Monocultures are inheirantly unstable, wheather it's Windows, GNU/Linux, *BSD, or Irish Potatos.

      "There is no shame in being self-taught, only in not trying to learn in the first place." -- Atrus, Myst: The Book of D'ni.

        Well you have to admit, that an OS with a "protected root filesystem", will be safer than any Windows solution. Of course, the police will probably like Window's cars, they will be able to cut your motor, with a single mouse click. (And probably listen to your conversations thru the backdoors to the microphone). :-)

        So I would not doubt that Windows is used for exactly that reason, touting "increased public safety" as the rational. Of course, Microsoft will have "fine print" on every car sales receipt saying " we are not responsible for any accident , injury or death due to the wild viruses which are known to affect their OS".


        I'm not really a human, but I play one on earth. flash japh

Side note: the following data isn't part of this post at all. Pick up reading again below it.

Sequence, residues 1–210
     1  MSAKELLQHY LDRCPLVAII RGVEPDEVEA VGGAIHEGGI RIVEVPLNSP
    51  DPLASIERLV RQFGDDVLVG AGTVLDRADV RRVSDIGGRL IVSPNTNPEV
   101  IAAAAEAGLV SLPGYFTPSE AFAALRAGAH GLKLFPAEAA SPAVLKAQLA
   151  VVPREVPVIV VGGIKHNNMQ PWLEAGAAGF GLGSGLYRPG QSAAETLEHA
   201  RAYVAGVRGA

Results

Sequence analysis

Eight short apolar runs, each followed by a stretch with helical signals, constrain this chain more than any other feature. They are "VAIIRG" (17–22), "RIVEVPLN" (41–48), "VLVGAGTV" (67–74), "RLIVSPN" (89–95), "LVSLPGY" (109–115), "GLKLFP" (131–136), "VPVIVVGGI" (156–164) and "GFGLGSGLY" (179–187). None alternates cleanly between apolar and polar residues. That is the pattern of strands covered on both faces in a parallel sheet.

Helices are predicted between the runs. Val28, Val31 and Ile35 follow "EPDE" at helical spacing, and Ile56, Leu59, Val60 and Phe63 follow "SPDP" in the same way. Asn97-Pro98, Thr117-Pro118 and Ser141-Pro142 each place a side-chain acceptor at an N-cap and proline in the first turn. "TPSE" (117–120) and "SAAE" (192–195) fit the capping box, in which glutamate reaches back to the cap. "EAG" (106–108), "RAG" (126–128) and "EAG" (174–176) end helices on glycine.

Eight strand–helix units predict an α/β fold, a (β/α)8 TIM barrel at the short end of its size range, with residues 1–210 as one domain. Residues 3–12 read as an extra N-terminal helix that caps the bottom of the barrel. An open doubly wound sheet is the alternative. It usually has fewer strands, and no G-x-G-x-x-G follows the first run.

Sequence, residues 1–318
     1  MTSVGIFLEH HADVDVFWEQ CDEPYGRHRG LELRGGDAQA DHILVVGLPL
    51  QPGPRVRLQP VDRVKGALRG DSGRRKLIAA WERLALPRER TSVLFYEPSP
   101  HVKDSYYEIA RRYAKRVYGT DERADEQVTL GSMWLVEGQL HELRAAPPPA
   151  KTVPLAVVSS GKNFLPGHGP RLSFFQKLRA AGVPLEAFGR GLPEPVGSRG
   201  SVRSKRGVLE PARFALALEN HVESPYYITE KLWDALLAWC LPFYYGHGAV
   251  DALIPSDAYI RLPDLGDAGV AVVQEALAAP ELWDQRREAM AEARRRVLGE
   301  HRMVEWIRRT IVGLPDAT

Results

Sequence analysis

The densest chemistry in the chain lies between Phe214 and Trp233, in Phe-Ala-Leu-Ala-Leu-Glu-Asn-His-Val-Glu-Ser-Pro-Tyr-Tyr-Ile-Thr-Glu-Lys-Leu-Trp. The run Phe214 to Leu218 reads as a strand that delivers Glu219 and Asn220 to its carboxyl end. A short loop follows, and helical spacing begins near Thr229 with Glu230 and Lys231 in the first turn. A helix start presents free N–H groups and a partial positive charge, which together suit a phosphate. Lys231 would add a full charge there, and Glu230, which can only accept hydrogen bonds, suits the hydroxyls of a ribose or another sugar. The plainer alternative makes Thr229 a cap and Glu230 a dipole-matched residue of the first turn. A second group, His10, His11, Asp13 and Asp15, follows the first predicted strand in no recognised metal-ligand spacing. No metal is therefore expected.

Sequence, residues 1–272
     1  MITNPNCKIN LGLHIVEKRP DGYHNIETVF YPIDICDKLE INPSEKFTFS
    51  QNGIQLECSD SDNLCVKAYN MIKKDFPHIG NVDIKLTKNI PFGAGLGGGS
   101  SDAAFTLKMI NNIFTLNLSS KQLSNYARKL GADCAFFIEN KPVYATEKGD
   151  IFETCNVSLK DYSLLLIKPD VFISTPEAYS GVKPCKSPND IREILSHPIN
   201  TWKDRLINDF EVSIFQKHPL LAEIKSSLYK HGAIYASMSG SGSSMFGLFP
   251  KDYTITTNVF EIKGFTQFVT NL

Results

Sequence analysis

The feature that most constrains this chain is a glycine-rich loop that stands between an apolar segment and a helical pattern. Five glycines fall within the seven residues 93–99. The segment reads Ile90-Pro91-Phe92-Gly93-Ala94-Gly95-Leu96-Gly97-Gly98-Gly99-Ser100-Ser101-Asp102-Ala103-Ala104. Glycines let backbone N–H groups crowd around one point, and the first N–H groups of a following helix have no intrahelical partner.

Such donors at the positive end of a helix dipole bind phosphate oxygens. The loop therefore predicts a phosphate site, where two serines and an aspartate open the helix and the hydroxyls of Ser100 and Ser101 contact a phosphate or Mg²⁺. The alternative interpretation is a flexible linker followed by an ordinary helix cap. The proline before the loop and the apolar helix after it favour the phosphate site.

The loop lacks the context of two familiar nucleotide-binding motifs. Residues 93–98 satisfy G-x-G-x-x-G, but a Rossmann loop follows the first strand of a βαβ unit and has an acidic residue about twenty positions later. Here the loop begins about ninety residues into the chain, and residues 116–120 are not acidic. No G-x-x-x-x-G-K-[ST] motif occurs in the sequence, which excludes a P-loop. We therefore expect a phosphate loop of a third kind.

Re: How Software Engineers Are Different Than Auto Mechanics
by DentArthurDent (Monk) on Feb 23, 2005 at 14:41 UTC
    At a fundamental level, whether or not you should clean it up depends on one key ratio. That ratio is the danger that it causes related to the time and effort it would take to clean up. If the data being there is largely innocuous, and it would take a lot of effort to clean it up, then you leave it. On the other hand if the data is deadly to the task at hand, and it's easy to clean then obviously you do clean it up.

    The tipping point should be determined by the load on the bandwidth of the people who can clean it up. If they're all straight out with no bandwidth left, then it will take a lot more danger to get it cleaned up.
    ----
    My mission: To boldy split infinitives that have never been split before!